What is meditation anyway?  Well in my book, mediation is simply training your mind to concentrate.  There are so many different techniques and the common denominator is focus.  Bringing your focus back to this moment,  your breath, a mantra, an affirmation, a flame, a scent, or holding something and focusing on that.  At any given time, your body is having a sensory experience.  For the most part, the only time you are aware of that experience is when you want to change, or do, something.  My body feels cold and what do I need to do to change that.  I smell a pleasant fragrance and I want to find out what the source is.  I smell something bad and I want to get away from it.  My co-worker’s music is bothering me or I really like it.. you get the idea.  This is all happening lightning fast.  Mediation is about stepping back and not reacting to it.  Watching the mind.  Observing these thoughts and reactions.  Observing the desire to move or do something and coming back to stillness again and again.  In this way, you train your mind to learn to be less reactive, less impulsive, and more focused.  This is a tool to re-learn how to really, deeply relax, restore, and replenish.

When I find myself feeling that overwhelm I mentioned earlier, I know I need to slow down and come back to my meditation practice.  Often times, I get so busy I start sacrificing that time for myself so I can take care of something else.  In essence, I ditch my self care time to DO something that I perceive as needing my attention more.  And then I end up here.  Feeling drained.  It’s ok.  It’s good.  For me, mediation is coming back, over and over again. So even this cycle is a sort of mediation too.  I am aware that I have been distracted and now I am coming back to my practice. The final point I want to make here is that whatever comes up for you during your mediation: calm, peacefulness, restlessness, anxiousness, boredom, or any judgement, it’s all good.  There is no right way or wrong way to feel.  Just observe it and let it go.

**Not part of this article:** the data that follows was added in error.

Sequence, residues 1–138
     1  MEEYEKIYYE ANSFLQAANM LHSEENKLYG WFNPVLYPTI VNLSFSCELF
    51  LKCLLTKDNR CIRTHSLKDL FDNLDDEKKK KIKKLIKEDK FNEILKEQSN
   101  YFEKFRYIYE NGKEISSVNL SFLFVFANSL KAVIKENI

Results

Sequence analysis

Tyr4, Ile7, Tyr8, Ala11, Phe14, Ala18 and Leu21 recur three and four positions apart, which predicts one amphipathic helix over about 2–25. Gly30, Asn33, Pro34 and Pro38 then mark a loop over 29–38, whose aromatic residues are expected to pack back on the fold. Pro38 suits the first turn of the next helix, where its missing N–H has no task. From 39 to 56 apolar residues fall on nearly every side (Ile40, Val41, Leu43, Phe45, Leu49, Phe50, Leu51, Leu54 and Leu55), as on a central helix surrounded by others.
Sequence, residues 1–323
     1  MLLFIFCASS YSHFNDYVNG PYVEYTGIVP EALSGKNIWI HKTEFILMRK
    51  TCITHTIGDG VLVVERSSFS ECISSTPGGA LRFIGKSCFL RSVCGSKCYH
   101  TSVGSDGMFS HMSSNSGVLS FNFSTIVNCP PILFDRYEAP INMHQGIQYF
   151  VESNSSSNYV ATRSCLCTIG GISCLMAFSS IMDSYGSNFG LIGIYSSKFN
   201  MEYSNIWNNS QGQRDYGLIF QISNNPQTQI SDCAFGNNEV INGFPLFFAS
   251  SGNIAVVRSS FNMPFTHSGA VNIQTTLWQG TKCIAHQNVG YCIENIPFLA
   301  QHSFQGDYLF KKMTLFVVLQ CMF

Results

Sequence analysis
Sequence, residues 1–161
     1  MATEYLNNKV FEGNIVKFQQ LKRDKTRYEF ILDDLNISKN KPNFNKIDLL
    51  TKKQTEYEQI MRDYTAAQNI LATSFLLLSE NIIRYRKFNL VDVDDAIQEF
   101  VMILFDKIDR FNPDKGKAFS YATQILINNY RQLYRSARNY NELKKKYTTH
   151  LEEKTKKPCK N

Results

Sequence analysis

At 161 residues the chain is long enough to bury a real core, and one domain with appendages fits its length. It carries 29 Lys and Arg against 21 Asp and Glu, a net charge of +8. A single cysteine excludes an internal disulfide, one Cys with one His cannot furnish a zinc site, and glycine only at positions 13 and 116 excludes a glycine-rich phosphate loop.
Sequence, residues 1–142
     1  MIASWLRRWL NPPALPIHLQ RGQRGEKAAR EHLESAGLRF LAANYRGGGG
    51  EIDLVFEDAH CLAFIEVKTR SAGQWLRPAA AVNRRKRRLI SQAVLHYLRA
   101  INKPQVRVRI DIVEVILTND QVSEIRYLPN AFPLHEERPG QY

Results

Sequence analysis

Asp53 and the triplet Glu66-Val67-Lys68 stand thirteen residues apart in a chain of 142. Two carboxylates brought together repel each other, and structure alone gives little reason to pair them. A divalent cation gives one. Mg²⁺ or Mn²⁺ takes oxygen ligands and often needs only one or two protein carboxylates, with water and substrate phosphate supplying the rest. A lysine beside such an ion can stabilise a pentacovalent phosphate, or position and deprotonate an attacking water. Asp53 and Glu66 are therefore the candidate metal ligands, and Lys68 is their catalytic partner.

The Dare: This mediation exercise is called the 5’s.  A teacher of mine gave me this handy tool years ago and I still use it to this day.  This meditation is breath-focused and I love it because you can do it anywhere at any time.

Gently inhale for a count of 5, hold the breath for a count of 5*, and gently exhale for a 5. Repeat for 5 minutes.

*If holding the breath brings up any anxiety or discomfort, just skip that part and inhale/exhale for 5.